Friday, September 24, 2010

This Week at This Side

~ This week begins the 4th annual Karl Barth Blog Conference over at Der Evangelische Theologe (see intro here), and I'll probably spend most of my blog-time interacting with the essays appearing there. In its third week my essay (imagining Barth in conversation with the Coen brothers) will appear, but things get going this week with the more dogmatic theological conversations and I'm very much looking forward to those. I think Barth is the best thing to happen to Protestant theology, and where he hasn't "happened" yet, I think he should! I encourage you to read along.

~ My blog has been nominated for "best Christian blog" by an organization called the Jubilee Centre. To pick the best of any kind of blog would require a lot of research, but it looks like this group took nominations, and I really appreciate that a friend thought to nominate me. Feel free to check out some of the blogs they've short-listed here and cast a vote if you are so inclined. A pretty eccentric group. If you are visiting from the Jubilee page, welcome. This might be the best place to get to know my blog.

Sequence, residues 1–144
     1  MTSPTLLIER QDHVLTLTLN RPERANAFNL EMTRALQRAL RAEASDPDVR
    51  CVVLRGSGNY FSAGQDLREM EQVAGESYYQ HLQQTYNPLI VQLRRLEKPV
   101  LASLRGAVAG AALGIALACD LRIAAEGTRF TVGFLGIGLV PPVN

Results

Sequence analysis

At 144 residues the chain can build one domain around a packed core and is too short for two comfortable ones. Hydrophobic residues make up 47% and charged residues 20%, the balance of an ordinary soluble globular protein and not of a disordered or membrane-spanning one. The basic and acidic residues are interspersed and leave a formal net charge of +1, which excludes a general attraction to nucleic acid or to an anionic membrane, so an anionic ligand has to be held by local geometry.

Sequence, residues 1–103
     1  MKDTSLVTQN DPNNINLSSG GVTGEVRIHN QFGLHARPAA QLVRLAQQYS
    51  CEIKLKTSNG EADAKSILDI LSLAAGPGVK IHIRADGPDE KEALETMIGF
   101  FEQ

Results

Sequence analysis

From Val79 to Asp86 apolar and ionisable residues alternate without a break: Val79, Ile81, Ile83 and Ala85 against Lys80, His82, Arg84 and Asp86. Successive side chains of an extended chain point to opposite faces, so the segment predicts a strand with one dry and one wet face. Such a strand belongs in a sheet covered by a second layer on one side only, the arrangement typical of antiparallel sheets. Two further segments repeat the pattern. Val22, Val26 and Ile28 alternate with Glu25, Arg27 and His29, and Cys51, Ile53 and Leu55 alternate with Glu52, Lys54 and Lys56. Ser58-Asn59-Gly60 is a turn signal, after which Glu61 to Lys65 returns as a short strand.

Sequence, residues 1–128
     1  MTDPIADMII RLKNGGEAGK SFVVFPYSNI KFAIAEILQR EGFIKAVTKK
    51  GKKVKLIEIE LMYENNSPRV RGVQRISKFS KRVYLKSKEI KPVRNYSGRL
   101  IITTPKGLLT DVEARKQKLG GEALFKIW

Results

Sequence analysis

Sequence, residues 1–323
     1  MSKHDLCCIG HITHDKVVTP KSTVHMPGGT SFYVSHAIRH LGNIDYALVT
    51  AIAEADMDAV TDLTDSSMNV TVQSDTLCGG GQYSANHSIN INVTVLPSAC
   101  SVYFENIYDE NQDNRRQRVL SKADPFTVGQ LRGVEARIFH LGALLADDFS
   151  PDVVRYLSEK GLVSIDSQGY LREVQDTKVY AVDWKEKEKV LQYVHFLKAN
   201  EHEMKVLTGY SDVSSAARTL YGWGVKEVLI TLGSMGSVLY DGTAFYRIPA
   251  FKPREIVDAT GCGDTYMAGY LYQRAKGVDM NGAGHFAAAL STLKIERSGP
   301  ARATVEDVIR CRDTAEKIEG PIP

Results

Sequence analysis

~ Long time readers may recall that every year about this time I add to my running lists of albums, fiction, and films that have made a lasting impression on me, and I try to add a new list to the series as well. At some point this is going to get out of hand, even for a listophile such as myself, but sometime in the near future I do hope to add the 35 most impactful non-fiction books to that series. I added to fiction and film earlier, and have decided that the album I wish to add is The National's Boxer.

It came out a few years ago now, but with quirky yet meaningful lyrics, creative musicianship from each instrumentalist, and the simultaneously rocking and mellow baritone of Matt Berninger it has become a mainstay in my earphones and has wedged its way into my psyche. I love the slow build of Start a War and the horn-explosion of Fake Empire, and I have commented on the latter song before. Here's a couple songs for the uninitiated.

"lets not try to figure out everything at once"

"we’ll be alright, we have our looks and perfume on"

~ Finally, I'm off to Oxford on Wednesday for a theology conference where I will hear papers on "The Present Moment" and give my own on forgiveness as a present (rather than merely a past) event. On the way home a friend and I are going to catch an evensong at Westminster Abbey. Should be a great week!

Thursday, September 23, 2010

Worship in Spirit and Truth